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The Ironman 70.3 World Championship 2018 – Port Elizabeth, South Africa

Posted by on September 2, 2018

Racing in the World Championships is a dream come true. I know that I am extremely lucky to be given this opportunity. From the moment we stepped foot into the race village and expo, the atmosphere has been phenomenal – athletes from all over the world, young and old, big and small and all beaming with confidence and strength. And meeting the pros! Gary and I had the chance to meet a handful of pros and it was like meeting super rockstars!

Race day

SWIM: The water was reported to be 15°C and my heart sank. I managed to get my breathing sorted the day before but I don’t know if I can do it again. Anyhow, when it was my time, I ran in and shut my eyes and tried to dive into the oncoming 🌊. But as soon as the cold water hit my face I felt the same chest tightening sensation again. Everyone around me disappeared and the wave after me have started making their way past me. Breathe, breathe, I kept telling myself, trying to force my head into the water but I couldn’t. I choked and spluttered about and in short, I had to stop and hang on to 3 different kayaks in the first 800m of the swim. But I owe it to these lifeguards on kayaks, they were very encouraging and one guy made me promise him that I will not give up and give my absolute best. I owe it to him. I told myself, if Harum Delima can swim 3.8km, I surely can do 1.9km. Further out, the water became warmer and I finally managed to control my breathing, and after I made my first turn (800m) I managed to keep swimming all the way. I stuck to breaststroke because I lost all sense of water confidence. I made my way onto the beach and I wasn’t even sure if I made the cut-off (1 hour). Thankfully it was 55 minutes, and I can still race! There were wetsuit strippers and it felt a little weird but whatever, gotta keep racing!

BIKE: As I guessed, my bike was sitting there alone. But it’s okay. It’s my race against my own time. I tried to transition quickly. And as I exited, I saw Gary 😄. I tried to ride strongly out, but the moment we got onto the coastal way, the wind came from everywhere! My nose was running like a tap and the rough road surface was extremely uncomfortable, it was difficult to really push because so much energy gets sapped away through the vibration. My fellow competitors were zooming by but I felt strong enough to to keep up with some of them. At about 33km in, I noticed my BTA bottle had lost the top piece (which locks it in place) and it was shaking loosely. From experience, this bottle will not be able to stay without the lock, and I didn’t want to risk it flying away and endangering somebody else, so I stopped by the side of the road, put the bottle by the side and bid goodbye :(. Onwards and forewards, I fought the wind and rough surface to the best of my strength, and then came the hills. Wind + rough road + hills = very very exhausting. I noticed it also slowed down many other cyclists, so I am not that bad after all, heh. Just told myself to keep my head in the game, watch my power, and keep my legs moving. Soon, it was on the way back to T2, and the wind direction slowly changed from head, to cross, and finally in the last 15km stretch we had a bit of tailwind to give me that last boost all the way home. Sub 3 hours was impossible to achieve, so I had a target of 3:15, and thankfully I managed 3:12:50 so yay, me! As always, I was ecstatic to be off the saddle, and looking forward to hit the pavement in my New Balance race shoes now!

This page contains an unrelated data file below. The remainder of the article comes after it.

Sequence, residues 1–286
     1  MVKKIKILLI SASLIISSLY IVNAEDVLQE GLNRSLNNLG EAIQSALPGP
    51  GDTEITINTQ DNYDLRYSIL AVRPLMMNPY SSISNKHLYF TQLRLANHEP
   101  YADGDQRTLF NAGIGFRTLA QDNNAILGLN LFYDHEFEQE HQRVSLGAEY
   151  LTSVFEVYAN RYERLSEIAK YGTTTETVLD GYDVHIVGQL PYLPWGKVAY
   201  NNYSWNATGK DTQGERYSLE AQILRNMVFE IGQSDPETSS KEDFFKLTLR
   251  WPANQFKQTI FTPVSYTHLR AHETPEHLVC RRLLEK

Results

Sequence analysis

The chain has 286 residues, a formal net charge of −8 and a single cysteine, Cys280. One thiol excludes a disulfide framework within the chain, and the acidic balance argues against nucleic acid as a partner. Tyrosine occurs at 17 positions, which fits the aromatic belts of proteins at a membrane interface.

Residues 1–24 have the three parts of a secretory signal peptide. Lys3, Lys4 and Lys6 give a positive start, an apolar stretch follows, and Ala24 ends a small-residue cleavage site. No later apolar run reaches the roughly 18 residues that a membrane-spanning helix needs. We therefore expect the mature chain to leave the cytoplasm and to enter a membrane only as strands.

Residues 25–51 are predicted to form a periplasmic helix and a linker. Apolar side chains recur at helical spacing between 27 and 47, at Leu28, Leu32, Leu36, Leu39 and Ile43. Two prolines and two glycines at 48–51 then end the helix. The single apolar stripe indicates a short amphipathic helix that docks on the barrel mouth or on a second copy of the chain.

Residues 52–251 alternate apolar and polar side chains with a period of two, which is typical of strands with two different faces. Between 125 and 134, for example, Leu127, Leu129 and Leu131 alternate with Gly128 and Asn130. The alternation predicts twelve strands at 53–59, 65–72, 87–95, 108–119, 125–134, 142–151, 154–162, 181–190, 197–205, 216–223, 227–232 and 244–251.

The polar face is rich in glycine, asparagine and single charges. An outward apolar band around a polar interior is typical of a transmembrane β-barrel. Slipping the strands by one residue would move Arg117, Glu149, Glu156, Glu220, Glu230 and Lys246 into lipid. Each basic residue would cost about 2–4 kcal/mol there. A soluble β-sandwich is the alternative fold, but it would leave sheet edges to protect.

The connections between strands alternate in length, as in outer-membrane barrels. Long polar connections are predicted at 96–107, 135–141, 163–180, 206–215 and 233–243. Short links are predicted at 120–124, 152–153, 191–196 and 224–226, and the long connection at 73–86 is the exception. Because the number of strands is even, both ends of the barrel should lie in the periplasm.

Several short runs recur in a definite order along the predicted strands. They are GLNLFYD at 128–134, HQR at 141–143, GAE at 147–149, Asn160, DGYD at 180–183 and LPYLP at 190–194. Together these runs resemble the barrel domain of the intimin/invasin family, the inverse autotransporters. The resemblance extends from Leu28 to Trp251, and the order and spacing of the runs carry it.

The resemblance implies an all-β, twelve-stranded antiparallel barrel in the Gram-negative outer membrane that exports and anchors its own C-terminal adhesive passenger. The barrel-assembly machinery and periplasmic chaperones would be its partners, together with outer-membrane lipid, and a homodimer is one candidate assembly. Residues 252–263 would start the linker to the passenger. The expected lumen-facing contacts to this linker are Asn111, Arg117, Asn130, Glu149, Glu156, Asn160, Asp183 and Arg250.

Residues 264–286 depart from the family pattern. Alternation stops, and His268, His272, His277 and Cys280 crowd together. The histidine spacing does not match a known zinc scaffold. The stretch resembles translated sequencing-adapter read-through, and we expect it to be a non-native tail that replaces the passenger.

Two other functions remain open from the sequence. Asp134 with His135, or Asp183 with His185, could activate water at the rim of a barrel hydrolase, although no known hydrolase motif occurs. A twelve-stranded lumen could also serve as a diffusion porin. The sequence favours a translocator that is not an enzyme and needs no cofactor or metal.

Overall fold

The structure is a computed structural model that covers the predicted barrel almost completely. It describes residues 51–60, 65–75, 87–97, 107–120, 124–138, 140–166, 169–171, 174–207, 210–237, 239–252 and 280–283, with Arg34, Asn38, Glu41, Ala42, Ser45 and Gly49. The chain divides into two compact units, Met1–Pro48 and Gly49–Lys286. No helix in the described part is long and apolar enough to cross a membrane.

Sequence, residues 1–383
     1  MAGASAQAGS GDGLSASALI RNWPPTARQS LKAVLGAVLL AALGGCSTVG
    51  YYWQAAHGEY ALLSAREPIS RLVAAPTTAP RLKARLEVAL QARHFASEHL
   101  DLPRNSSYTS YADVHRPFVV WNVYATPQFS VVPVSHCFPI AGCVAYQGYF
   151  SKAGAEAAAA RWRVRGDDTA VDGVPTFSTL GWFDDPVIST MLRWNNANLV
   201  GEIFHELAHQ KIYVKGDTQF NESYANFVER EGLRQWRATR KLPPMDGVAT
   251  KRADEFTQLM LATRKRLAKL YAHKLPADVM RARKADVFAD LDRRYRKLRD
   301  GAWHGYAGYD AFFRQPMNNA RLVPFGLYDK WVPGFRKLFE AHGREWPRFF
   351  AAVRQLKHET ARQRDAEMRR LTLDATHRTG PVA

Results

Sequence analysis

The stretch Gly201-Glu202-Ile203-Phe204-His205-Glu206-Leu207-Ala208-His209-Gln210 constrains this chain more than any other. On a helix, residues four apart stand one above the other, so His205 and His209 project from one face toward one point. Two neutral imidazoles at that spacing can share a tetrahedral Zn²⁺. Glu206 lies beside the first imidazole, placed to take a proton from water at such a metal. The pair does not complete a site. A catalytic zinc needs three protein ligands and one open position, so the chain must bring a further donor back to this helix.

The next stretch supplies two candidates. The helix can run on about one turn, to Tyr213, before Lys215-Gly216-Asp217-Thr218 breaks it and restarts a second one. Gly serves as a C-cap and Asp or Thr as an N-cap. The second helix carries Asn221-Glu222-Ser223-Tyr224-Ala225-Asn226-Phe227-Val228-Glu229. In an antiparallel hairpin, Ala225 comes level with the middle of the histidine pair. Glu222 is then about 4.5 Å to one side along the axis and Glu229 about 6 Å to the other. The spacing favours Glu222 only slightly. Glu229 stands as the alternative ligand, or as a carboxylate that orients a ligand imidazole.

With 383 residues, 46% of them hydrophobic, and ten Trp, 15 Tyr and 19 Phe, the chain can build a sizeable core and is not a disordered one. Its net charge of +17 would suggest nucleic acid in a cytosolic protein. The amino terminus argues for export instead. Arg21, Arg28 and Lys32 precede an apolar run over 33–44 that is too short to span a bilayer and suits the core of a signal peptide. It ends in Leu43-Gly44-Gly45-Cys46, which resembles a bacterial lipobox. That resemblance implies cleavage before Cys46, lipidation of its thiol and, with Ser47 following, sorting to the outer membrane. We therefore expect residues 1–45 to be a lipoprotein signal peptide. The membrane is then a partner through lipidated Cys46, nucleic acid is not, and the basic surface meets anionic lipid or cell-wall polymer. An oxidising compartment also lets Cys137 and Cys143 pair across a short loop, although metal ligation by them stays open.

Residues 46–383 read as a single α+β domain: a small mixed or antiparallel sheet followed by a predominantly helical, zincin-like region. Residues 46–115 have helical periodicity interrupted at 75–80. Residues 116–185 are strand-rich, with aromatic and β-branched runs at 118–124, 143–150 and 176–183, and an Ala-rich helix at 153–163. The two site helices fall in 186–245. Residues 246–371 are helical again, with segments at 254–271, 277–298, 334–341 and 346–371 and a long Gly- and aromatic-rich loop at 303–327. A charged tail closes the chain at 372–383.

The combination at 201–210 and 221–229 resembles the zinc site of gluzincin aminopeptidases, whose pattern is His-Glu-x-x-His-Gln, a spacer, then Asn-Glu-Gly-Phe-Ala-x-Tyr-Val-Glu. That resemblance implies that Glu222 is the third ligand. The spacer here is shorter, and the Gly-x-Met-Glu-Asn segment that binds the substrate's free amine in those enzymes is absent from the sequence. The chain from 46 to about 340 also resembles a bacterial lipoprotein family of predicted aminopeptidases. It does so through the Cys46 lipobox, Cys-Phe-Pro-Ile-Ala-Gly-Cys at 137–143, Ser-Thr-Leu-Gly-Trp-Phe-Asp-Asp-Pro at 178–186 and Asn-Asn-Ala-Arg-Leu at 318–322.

RUN: My legs were pretty pumped from the tough bike course, but the weather was a wonderful 20 deg C and the sun was shining, so I was determined to run like I stole Lucy Charles’ bike! One huge difference racing in the world champs compared to any other event, EVERYONE hits the ground running! Not a soul stopped to walk. And EVERYONE was running at a 4:45-5:15 pace. I guess I was used to drawing inspiration from overtaking people, but this time around I drew motivation from keeping up with some very strong women! It didn’t take me long to observe that I was running alongside women with grey hair and wrinkled skin but were holding up very strongly! I kept my pace up, and after the first loop, I tried to push a little bit more and finally I made my turn into the finishing chute. I reached into my back pocket, pulled out my Malaysian flag, raised it above my head and sprinted to the finish! Run time was 1:49:45.

Total time: 6:06:45. It’s far from my best, but it was a world of experience that I wouldn’t trade for anything. I’m so glad I pushed through the cold water, I powered though the bike, and smashed it on the run. I’m so glad that I did not give up nor did I give in. Because this big ass finisher medal is worth something money cannot buy.

Huge shout out to Gary Fong, my husband, my manager, my chauffeur, my number one fan, and my reason to finish. My family in home and in Brisbane, my friends back in KL, and in some other parts of the world, thank you for tracking me and sending me all the good vibes! Thanks to my product sponsors Lifeline-ID, New Balance Malaysia, Garmin Malaysia, Aftershokz Malaysia and Giant Bicycles Malaysia for your undying support. 

One Response to The Ironman 70.3 World Championship 2018 – Port Elizabeth, South Africa

  1. Bud

    I’m inspired after reading your experience. Wish one day I can join you!

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